Con­tra­dict­ing the swirl of neg­a­tive images and ideas about Jews that had been cir­cu­lat­ing in 1920s and 1930s Amer­i­ca, anti-anti­semitism nov­els and Intro­duc­tion to Judaism lit­er­a­ture treat­ed Jew­ish­ness as nor­mal and American.

But these books and arti­cles were not direct­ed only at non-Jews. As the rab­bi-writ­ers of these books and arti­cles under­stood, many Jews had low lev­els of Jew­ish lit­er­a­cy them­selves. They need­ed guides for how to cre­ate mean­ing­ful Jew­ish lives as mod­ern Amer­i­cans. These primers about Judaism includ­ed Mil­ton Steinberg’s Basic Judaism, Philip Bernstein’s What the Jews Believe, Her­man Wouk’s This Is My God, and Life Mag­a­zine arti­cles about Judaism dur­ing the 1950s. Post­war Sto­ries describes the mak­ing of these books and arti­cles: why par­tic­u­lar peo­ple came to write books that served to intro­duce a broad Amer­i­can audi­ence to Judaism. The genre con­tin­ued to flour­ish in the late twen­ti­eth cen­tu­ry, with authors such as Ani­ta Dia­mant, Rab­bi Irv­ing Green­berg, Rab­bi Joseph Telushkin, and, in more recent years, Sarah Hur­witz (Here All Along, 2019) and Noah Feld­man (To Be A Jew Today, 2024).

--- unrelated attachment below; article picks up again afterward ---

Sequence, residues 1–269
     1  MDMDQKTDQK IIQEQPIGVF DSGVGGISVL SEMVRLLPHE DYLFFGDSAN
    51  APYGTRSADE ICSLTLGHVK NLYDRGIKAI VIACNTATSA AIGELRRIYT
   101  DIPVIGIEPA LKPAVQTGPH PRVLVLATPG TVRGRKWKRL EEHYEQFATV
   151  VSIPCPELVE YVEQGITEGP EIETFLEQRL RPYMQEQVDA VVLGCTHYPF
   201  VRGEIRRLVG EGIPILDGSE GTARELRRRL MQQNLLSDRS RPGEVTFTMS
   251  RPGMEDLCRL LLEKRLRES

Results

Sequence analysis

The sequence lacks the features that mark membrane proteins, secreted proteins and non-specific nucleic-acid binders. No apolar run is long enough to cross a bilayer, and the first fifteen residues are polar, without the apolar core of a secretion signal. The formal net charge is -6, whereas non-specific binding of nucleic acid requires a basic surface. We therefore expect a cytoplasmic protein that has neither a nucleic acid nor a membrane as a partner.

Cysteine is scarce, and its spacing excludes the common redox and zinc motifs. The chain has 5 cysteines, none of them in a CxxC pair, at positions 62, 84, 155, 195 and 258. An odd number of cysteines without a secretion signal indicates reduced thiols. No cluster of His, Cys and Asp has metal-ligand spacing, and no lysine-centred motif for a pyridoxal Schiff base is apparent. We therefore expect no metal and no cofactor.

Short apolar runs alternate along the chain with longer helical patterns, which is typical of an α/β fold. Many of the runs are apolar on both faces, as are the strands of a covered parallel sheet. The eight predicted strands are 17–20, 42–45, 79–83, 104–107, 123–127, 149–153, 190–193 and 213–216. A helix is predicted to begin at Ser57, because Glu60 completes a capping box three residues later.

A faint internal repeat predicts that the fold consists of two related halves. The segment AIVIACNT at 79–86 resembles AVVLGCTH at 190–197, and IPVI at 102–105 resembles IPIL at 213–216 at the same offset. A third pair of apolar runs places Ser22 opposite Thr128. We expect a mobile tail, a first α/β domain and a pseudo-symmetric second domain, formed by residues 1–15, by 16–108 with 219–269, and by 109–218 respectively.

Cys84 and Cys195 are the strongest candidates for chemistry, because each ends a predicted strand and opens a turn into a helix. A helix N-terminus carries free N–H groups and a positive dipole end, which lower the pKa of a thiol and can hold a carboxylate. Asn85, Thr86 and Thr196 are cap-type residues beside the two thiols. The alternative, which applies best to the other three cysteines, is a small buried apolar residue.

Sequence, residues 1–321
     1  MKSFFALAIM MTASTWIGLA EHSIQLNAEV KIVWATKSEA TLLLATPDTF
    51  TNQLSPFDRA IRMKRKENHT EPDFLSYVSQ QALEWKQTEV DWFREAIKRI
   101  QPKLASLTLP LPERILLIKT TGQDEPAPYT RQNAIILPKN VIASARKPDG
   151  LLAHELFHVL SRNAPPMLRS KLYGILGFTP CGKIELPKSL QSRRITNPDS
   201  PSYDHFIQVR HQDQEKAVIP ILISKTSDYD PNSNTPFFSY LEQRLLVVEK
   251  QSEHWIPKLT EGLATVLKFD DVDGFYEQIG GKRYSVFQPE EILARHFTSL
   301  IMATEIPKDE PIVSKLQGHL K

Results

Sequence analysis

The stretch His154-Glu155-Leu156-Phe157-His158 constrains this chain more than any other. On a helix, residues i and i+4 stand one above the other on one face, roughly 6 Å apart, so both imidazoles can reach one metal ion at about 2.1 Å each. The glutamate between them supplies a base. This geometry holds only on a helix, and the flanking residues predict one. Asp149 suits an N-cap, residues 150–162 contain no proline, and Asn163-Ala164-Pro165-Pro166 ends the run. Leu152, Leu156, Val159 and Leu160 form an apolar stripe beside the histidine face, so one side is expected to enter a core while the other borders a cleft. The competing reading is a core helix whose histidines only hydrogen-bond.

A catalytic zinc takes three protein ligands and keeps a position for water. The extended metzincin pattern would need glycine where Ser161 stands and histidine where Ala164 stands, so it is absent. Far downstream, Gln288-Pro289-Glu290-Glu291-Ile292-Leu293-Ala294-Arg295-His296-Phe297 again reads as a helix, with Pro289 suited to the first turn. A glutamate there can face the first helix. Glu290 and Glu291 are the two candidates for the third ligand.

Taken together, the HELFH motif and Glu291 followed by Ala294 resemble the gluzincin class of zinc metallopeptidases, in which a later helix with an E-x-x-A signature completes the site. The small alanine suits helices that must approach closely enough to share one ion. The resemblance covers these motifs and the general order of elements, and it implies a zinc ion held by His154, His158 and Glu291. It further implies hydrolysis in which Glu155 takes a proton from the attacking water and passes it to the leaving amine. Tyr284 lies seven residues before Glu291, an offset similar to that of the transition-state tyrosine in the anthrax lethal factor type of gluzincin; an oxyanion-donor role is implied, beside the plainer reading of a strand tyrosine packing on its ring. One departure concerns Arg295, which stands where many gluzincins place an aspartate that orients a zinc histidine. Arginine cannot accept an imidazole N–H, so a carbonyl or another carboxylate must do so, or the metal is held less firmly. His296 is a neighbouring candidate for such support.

Inter­est­ing­ly, unlike the anti-anti­semitism genre, which had a fair share of women authors, the mid-twen­ti­eth-cen­tu­ry Intro­duc­tion to Judaism genre was almost entire­ly writ­ten by men, remind­ing us how much reli­gious author­i­ty still belonged to men in the post­war years.